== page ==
Enderby and the gentle waters of the Shuswap River have played a key role in the history and growth of the North Okanagan as a vital transportation route for the Shuswap Indians and the early European settlers. It was in the vicinity of this river that the Spallumcheen tribe of the Shuswap Indians lived for hundreds of years, hunting and fishing along its banks. And it was just south of the present townsite that overlander Alexander Leslie Fortune pre-empted land in 1866, thus becoming the first white settler in the North Okanagan. Fortune's place on the bend in the Shuswap River made an ideal stopping spot for steamboats and paddlewheelers from Kamloops shipping supplies to settlers in the Okanagan.
Enderby was named in 1887 after a Jean Ingelow poem, in which the villagers were saved from a rising tide of water by the chiming of church bells playing the tune The Bridges of Enderby. With the completion of the Shuswap and Okanagan Railroad in 1892, the small town began to grow and prosper, with the construction of a flour mill, sawmill, and brickyard by 1895. The business district expanded accordingly, and the decision was made to incorporate the city in 1905.
The Shuswap River has retained its importance as a navigable river, but canoeists and kayakers have taken the place of steamboats. The river now links the small developed communities in the rural district, from Kingfisher in the east to Mara in the north, and the city of Enderby remains the centre of services for the rural area.
The City of Enderby is located 38 km (24 mi) north of Vernon and 39 km (24 mi) south of Sicamous on Hwy 97A.
The Enderby & District Museum Society was established in 1973 to collect, preserve, exhibit, and interpret the human and natural history of the City of Enderby and surrounding district in the North Okanagan. The museum features a look at the area's colourful past through changing and permanent displays. Included in the museum is a reference room for those interested in looking at photographs and newspapers or researching local events and family histories.
The Enderby Cliffs tower high above the city offering breathtaking views of the Shuswap and the North Okanagan. Hikers atop the cliffs can watch the soaring birds play on the updrafts created by the steep rock face and take a step back in time to the Tertiary age when the cliffs were formed.
Outdoor recreational opportunities including fishing, hiking and nature study are also provided amongst the small stands of old-growth Douglas-fir, the low elevational grasslands and at Reeves Lake.
Every fall the Coho, Spring, Sockeye, and Kokanee salmon return to their spawning grounds east of Enderby in the Shuswap River gravel beds. The numbers of returning salmon were on a steady decline until, in 1981, the Kingfisher Community club supported the concept of a hatchery and environmental interpretive centre to address the problem.
The hatchery conducts one of the most successful Salmon Enhancement programs in the country. About 500,000 fry are raised in incubators until they reach the Alvin stage, then they are released into the Shuswap to begin their journey to the Pacific.
The Kingfisher Hatchery is located on six hectares just beyond the Cooke Creek Recreation Site, about 26 km east from Enderby on Mabel Lake Road.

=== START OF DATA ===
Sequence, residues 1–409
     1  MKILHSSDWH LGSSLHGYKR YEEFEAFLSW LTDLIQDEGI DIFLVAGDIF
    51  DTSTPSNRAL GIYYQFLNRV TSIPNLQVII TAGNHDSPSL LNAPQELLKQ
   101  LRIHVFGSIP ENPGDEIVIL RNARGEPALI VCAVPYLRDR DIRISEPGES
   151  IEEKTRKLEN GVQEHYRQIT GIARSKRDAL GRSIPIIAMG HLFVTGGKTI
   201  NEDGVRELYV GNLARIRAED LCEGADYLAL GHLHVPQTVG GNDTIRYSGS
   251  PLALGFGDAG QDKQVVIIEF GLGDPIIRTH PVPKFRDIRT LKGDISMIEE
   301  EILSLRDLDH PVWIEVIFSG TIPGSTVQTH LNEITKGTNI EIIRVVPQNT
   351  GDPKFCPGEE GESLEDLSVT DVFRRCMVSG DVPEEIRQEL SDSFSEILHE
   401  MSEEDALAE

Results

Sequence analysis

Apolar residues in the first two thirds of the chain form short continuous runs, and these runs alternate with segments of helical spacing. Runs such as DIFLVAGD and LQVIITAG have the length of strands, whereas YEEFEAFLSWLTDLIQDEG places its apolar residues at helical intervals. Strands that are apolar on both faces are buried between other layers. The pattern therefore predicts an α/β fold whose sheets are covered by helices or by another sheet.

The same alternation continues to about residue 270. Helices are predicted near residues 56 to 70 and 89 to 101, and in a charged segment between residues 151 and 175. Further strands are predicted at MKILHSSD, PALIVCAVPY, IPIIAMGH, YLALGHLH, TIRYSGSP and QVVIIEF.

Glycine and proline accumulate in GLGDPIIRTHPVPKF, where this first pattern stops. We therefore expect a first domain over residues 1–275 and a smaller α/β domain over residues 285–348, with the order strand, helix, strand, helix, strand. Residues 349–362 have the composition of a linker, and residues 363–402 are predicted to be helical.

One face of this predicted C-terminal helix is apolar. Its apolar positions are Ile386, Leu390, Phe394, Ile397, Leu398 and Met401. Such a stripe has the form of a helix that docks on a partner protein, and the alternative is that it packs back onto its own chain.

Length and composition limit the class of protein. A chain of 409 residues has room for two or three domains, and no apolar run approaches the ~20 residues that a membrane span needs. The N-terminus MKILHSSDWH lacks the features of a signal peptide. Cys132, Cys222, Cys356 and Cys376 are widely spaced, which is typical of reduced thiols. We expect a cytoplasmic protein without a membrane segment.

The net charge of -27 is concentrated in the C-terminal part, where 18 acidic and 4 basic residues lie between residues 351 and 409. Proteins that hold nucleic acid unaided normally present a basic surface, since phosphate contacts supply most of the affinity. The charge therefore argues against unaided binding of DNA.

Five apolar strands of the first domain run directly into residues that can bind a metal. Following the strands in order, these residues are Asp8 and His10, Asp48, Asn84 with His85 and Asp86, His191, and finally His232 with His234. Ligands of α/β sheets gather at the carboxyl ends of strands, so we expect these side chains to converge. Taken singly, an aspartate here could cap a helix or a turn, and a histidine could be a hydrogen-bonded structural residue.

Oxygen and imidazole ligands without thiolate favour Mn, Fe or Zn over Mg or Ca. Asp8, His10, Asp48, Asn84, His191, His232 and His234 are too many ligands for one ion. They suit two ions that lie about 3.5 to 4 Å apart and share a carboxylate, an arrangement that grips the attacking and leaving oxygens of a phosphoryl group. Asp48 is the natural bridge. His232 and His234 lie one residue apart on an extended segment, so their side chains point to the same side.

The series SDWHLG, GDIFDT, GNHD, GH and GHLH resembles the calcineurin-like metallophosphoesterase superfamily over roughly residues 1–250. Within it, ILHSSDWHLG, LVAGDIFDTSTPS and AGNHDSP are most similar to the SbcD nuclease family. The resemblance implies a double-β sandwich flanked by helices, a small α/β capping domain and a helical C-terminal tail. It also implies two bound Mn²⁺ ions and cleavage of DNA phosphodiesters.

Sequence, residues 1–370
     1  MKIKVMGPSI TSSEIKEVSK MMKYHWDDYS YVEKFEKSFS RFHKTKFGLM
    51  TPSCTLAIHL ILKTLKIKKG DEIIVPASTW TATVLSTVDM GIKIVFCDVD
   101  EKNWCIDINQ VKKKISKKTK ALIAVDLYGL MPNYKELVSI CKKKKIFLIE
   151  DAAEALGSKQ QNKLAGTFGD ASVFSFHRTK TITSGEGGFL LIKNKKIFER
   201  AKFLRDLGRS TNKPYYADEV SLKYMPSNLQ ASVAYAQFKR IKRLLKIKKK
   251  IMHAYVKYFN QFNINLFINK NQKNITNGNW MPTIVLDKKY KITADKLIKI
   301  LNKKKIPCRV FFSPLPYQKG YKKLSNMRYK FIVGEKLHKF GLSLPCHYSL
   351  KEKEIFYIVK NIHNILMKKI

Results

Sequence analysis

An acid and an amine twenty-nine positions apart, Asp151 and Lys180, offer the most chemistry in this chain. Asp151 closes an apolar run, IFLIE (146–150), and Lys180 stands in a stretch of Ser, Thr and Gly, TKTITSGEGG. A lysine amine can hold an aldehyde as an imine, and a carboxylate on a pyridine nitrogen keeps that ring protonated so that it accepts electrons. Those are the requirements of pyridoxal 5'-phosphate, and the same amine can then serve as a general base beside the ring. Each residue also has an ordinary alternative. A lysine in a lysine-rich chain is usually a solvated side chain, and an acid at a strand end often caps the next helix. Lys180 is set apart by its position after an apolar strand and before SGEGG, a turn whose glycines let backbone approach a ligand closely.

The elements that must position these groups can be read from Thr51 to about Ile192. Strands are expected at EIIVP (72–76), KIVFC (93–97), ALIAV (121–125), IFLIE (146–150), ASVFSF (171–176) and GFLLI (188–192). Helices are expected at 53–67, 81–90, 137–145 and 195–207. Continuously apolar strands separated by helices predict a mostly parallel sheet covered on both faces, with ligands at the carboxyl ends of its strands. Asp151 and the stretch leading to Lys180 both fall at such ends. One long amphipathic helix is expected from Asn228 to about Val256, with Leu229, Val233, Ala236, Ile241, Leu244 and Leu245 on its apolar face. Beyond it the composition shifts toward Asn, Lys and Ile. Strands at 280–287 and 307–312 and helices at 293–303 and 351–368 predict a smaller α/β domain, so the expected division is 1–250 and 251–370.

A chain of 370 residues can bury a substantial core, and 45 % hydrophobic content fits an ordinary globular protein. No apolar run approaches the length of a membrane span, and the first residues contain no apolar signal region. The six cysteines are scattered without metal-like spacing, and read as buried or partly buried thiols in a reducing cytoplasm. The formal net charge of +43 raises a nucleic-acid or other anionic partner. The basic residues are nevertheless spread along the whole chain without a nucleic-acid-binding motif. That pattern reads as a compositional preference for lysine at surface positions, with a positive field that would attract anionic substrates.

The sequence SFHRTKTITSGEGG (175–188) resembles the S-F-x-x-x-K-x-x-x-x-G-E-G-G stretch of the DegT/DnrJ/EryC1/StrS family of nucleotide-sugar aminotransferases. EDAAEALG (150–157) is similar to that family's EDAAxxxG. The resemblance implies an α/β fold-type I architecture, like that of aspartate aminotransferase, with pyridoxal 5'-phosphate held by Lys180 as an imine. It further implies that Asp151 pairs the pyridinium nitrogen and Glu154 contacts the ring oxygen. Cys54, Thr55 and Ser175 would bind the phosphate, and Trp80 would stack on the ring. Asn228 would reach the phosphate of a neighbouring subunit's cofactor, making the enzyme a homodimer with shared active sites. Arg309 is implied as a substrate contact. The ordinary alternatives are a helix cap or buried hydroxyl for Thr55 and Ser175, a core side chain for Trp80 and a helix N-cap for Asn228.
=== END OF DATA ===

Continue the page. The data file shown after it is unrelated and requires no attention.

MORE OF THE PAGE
A popular day-use area for locals as well as travelers, Mara Park is noted for fishing, swimming, boating, and as a family picnic area. Note that this is a day-use park only: no overnight camping is permitted, and mooring of boats overnight is not allowed.
Snowmobiling rules in Enderby, home to the Hunters Range Snowmobile Association, which sponsors a number of annual snowmobiling events, including the popular Snowrama in February. This group operates a day chalet and shelter, and has marked groomed and non-groomed trails in the 200 square kilometres of great snowmobiling amongst the alpine meadows and bowls in the Hunters Range east of Enderby.
The historical Walking Tour of Enderby takes in many of the fascinating heritage buildings still standing in the town. A superb booklet and map are available at the Visitor Info Centre.
See beavers swimming in the water, turtles sunbathing on logs and rocks, and enjoy the sound of birds along the Jim Watt Riverwalk, a scenic walk along the beautiful Shuswap River. Wood ducks, eagles, ravens, and common songbirds can be seen searching for food, building nests, or resting in the reeds and treetops above. During the salmon season come walk the riverwalk and watch the salmon swimming by.
Mabel Lake Golf and Country Club is the premiere golf experience in the Okanagan Valley. It is designed and built by renowned course architect Les Furber.
This unique par 36, regulation size 9 hole golf course measures 3103 yards, featuring 3 par 5's, 3 par 4's, 3 par 3's, expansive transition areas, picturesque rock walls, challenging ponds, and paved cart trails throughout. Each hole consists of 4 sets of tees with fairways winding through mature forests offering a challenge for golfers of all skill levels.
Larch Hills Cross-country Ski Area, just 20 minutes west of Enderby, has groomed cross-country skiing trails for the advanced and beginning ski enthusiast.
The Shuswap River offers canoeists and kayakers miles of waterways to explore, from rolling rapids to calmer waters near the city. River tours are available for guided trips to the river channels.
Enderby and District Chamber of Commerce
Web: Enderby Chamber of Commerce
Background Photo Credit: Destination British Columbia